Garmin just can't let the nuvifone concept go. The company said it is disappointed with sales of the nuvifone to date, but will be launching two more smartphones in the first half.
The larger question: Why?
While disappointed by sales of the nüvifone products to date, we are excited to be launching two next generation smartphones in the first half of 2010 and feel these devices will be well-positioned in this competitive market.
The nuvifone got off to a late start and once it hit the market it didn't get much traction. After all, Garmin is trying to play a smartphone game dominated by the likes of Apple, Research in Motion, Samsung, HTC and a bevy of others.
So why does Garmin want to play the smartphone game? In some respects, it has little choice even though the financials are fine.
The company reported fourth quarter earnings of $1.38 on revenue of $1.06 billion, up 1 percent from a year ago. Pro forma earnings were $1.43 a share. For 2009, Garmin reported earnings of $3.50 a share on revenue of $2.95 billion, down 16 percent from a year ago.
As for the 2010 outlook, Garmin projected revenue of $2.9 billion to $3.1 billion, roughly flat with 2009. However, margins will fall from 49 percent in 2009 to 46 percent to 48 percent in 2010. Earnings per share will be between $2.75 a share and $3.15 a share.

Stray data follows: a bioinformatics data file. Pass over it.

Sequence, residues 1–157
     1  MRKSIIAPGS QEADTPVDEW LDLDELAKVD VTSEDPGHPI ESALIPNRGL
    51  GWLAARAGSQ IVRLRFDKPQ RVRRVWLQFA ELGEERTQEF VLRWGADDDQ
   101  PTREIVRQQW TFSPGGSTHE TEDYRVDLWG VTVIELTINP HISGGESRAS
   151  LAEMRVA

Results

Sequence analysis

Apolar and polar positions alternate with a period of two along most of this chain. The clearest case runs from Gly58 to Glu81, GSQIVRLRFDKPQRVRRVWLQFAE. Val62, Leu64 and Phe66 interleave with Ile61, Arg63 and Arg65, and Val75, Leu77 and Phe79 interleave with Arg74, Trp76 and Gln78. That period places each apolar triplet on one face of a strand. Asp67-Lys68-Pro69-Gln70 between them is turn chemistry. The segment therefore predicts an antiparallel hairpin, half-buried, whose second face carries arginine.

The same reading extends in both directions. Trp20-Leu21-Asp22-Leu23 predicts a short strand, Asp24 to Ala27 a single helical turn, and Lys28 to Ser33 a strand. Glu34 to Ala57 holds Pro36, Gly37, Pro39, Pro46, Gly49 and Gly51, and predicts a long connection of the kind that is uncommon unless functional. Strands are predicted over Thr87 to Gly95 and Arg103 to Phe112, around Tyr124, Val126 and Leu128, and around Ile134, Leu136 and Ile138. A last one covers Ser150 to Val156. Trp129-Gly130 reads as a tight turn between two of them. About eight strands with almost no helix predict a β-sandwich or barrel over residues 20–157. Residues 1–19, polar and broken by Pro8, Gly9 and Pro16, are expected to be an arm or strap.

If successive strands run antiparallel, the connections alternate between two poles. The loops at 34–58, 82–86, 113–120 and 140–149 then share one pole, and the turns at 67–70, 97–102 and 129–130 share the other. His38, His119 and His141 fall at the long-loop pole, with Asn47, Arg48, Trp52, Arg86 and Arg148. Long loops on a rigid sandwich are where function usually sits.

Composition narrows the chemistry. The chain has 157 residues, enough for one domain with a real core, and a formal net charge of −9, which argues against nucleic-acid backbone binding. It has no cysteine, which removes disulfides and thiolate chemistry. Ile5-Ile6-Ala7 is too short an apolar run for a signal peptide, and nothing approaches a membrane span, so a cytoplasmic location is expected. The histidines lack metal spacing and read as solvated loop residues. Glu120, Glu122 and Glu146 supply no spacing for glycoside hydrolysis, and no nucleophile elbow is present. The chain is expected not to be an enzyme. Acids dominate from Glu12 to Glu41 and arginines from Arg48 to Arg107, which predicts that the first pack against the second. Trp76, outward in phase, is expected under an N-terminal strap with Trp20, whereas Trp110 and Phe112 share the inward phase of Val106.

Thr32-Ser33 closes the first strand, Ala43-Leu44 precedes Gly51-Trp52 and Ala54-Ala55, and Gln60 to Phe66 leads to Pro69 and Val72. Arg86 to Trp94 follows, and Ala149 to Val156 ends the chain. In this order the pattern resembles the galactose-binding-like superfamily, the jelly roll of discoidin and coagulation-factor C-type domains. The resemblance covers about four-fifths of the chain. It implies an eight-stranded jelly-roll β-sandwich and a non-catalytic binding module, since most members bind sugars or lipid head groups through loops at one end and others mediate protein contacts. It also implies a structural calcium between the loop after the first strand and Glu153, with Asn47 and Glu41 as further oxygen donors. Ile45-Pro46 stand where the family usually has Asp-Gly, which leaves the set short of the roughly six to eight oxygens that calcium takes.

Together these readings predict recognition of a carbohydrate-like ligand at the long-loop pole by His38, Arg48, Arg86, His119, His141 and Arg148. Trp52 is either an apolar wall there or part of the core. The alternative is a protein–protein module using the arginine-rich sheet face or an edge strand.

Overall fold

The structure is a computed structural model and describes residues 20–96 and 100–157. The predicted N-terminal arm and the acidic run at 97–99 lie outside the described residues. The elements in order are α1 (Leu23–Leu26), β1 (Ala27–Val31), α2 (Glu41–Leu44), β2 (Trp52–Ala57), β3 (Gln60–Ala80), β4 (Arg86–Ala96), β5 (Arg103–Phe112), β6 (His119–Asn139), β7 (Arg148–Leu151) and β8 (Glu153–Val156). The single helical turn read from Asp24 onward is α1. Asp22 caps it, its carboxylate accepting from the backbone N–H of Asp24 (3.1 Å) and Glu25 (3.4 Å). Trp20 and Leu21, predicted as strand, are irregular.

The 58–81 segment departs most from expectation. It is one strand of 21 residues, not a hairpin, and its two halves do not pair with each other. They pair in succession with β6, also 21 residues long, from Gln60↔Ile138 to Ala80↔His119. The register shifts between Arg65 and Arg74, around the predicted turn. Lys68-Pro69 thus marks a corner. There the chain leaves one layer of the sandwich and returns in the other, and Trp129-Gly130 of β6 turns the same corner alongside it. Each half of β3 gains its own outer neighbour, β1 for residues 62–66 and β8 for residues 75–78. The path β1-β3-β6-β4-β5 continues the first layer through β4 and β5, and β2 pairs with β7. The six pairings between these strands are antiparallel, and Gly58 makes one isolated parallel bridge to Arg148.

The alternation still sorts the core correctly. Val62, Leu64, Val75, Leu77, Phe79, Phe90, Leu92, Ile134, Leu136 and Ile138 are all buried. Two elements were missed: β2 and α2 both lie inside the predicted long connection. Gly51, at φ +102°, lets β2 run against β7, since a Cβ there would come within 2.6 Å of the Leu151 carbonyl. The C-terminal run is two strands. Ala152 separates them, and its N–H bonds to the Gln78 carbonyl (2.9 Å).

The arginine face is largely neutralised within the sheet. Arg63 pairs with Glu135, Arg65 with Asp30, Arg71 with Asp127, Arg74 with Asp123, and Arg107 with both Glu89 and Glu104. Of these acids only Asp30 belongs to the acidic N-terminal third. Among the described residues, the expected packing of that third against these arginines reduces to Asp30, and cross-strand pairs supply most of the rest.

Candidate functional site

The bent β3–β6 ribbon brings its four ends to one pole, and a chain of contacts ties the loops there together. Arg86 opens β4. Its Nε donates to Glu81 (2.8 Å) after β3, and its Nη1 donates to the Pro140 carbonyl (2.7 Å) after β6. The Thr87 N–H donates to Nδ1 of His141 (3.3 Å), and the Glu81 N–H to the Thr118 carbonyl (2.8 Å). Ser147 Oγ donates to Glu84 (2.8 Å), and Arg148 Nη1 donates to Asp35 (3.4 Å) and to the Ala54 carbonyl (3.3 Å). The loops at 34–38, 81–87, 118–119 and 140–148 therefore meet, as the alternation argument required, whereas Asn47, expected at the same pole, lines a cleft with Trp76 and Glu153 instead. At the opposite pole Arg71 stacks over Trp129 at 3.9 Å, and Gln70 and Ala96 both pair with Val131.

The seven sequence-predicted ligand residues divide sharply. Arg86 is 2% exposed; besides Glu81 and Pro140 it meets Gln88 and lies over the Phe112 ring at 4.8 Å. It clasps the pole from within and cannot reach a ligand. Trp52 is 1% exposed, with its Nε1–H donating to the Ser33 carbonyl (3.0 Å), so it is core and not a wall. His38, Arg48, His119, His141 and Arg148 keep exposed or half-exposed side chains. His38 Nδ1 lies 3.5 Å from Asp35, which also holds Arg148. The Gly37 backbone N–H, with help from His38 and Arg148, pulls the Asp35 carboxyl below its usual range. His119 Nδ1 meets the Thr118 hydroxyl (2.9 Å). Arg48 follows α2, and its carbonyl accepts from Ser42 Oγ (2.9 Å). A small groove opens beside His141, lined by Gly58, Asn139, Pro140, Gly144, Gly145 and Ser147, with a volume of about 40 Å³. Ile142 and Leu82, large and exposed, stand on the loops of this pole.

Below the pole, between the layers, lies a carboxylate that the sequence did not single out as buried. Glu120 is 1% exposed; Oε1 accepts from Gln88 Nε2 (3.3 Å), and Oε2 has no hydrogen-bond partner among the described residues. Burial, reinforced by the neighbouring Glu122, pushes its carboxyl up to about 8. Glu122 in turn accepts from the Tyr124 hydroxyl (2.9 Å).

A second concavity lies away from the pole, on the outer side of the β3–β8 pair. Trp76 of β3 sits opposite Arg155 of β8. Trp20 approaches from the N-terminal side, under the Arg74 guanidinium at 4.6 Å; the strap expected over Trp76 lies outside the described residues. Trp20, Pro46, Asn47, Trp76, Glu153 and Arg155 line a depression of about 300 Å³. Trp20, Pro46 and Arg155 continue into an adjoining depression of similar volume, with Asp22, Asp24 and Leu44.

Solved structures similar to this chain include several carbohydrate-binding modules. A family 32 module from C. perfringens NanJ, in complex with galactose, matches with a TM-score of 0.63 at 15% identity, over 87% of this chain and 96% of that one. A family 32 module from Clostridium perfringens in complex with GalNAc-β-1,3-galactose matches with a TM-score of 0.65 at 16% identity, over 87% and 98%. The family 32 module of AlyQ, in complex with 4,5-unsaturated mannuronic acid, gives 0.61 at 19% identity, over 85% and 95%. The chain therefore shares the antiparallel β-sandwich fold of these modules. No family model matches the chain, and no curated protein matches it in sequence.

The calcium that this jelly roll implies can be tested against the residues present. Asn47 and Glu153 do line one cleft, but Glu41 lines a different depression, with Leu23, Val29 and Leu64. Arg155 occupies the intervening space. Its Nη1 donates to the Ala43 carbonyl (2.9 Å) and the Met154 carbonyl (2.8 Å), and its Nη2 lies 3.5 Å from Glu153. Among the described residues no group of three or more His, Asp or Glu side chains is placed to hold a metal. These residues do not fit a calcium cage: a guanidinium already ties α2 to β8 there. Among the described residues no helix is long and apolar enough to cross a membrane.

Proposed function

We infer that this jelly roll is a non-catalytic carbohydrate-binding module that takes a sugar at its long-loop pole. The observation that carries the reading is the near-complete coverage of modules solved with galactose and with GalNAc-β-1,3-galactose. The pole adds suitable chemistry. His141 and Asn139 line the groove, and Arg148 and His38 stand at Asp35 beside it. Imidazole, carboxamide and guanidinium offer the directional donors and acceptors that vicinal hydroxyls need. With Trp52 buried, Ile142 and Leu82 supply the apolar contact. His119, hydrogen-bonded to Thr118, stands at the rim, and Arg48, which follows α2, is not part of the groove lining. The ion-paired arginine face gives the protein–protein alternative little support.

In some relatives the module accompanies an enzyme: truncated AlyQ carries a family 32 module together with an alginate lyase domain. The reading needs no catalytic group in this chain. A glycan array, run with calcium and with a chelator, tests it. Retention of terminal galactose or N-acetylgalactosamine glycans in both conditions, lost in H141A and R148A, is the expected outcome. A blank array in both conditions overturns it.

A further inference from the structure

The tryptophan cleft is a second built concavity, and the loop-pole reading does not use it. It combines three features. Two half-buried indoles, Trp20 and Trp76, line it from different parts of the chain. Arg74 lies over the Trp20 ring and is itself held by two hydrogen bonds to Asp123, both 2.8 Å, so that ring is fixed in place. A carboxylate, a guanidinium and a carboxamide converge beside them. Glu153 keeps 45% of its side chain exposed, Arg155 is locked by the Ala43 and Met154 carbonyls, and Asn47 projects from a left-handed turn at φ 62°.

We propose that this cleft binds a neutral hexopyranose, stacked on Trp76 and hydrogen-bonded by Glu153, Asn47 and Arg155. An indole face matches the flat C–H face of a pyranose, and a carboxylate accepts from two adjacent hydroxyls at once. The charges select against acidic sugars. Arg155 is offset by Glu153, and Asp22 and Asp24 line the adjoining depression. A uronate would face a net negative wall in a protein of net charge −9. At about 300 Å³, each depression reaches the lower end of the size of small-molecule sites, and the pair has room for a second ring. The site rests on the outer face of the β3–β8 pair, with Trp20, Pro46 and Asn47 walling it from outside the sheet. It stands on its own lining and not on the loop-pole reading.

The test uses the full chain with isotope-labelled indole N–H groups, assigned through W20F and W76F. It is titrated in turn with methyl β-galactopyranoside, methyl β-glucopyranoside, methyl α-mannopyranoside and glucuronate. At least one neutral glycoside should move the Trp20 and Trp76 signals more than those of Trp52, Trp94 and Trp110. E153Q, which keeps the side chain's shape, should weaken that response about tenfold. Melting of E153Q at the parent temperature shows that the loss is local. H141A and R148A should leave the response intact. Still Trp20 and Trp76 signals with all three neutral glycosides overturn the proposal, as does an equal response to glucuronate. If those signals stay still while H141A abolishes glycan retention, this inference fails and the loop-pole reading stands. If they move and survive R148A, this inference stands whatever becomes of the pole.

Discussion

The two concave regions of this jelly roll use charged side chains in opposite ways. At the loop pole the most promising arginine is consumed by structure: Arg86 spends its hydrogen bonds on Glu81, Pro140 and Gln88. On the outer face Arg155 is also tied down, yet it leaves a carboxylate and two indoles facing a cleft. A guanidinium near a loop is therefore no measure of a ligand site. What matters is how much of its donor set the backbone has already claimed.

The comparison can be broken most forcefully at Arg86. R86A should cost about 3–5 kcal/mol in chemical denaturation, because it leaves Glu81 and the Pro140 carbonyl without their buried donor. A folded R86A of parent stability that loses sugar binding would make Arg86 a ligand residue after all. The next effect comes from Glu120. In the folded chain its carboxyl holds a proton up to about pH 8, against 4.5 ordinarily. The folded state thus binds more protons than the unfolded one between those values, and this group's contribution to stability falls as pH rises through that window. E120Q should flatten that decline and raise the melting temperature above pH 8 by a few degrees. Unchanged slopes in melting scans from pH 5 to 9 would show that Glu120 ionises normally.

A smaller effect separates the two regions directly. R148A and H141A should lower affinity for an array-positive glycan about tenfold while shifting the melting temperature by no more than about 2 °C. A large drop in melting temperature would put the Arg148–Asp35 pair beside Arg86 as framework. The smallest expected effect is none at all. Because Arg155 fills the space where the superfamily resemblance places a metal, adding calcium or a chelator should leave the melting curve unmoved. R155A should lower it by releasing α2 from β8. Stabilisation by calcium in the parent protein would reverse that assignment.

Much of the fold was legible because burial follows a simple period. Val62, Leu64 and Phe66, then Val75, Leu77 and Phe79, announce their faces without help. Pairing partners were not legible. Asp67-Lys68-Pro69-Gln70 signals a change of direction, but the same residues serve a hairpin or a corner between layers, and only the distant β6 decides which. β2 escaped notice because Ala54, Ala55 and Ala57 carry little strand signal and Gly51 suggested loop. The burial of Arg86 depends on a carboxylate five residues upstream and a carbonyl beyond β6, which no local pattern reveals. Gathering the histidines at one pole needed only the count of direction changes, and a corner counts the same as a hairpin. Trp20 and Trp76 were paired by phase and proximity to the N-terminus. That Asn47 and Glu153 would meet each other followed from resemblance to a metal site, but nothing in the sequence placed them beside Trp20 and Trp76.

With falling margins and a maturing personal navigation device (PND) market that's under pressure as companies like Google integrate GPS into phones, Garmin has no choice but to work new markets. The problem: Garmin's core auto market revenue was down 19 percent in fiscal 2009 to $2.05 billion.
Garmin has other hot segments. The company's outdoor and fitness products are doing well with revenue growing 10 percent in 2009 to $469 million. However, that growth isn't enough to offset the decline in the auto business.
Wedbush analyst Scott Sutherland said in a research report:
While PND revenue is expected to decline, management expects $100-200 million in nüvifone revenue and growth from its small in-dash OEM business. We would like to see traction on these two fronts offset the PND decline before becoming more constructive. Thus far, nüvifone has been a disappointment.
Simply put, nuvifone revenue has to pick up the slack. However, it's unclear whether Garmin has the chops to create a smartphone hit.
The other wild card: How much time does Garmin really have? Oppenheimer analyst Yair Reiner said in a note:
While we agree that a flood of free mobile navigation apps into North America and European could make things tough for the PND in 2010, this widely held view is looking somewhat overplayed.
If Reiner is correct then Garmin may have some time to find its footing with the nuvifone.